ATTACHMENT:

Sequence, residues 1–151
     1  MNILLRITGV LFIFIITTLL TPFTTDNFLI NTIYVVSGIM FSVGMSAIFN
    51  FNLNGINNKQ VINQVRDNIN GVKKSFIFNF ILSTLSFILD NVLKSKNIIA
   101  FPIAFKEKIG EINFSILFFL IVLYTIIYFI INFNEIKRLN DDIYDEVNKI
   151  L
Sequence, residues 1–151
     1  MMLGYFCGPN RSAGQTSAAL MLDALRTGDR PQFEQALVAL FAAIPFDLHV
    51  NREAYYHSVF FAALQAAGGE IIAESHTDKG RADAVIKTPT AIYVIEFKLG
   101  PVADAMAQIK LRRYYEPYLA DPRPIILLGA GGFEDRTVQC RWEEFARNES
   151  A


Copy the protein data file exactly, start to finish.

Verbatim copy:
Sequence, residues 1–151
     1  MNILLRITGV LFIFIITTLL TPFTTDNFLI NTIYVVSGIM FSVGMSAIFN
    51  FNLNGINNKQ VINQVRDNIN GVKKSFIFNF ILSTLSFILD NVLKSKNIIA
   101  FPIAFKEKIG EINFSILFFL IVLYTIIYFI INFNEIKRLN DDIYDEVNKI
   151  L
Sequence, residues 1–151
     1  MMLGYFCGPN RSAGQTSAAL MLDALRTGDR PQFEQALVAL FAAIPFDLHV
    51  NREAYYHSVF FAALQAAGGE IIAESHTDKG RADAVIKTPT AIYVIEFKLG
   101  PVADAMAQIK LRRYYEPYLA DPRPIILLGA GGFEDRTVQC RWEEFARNES
   151  A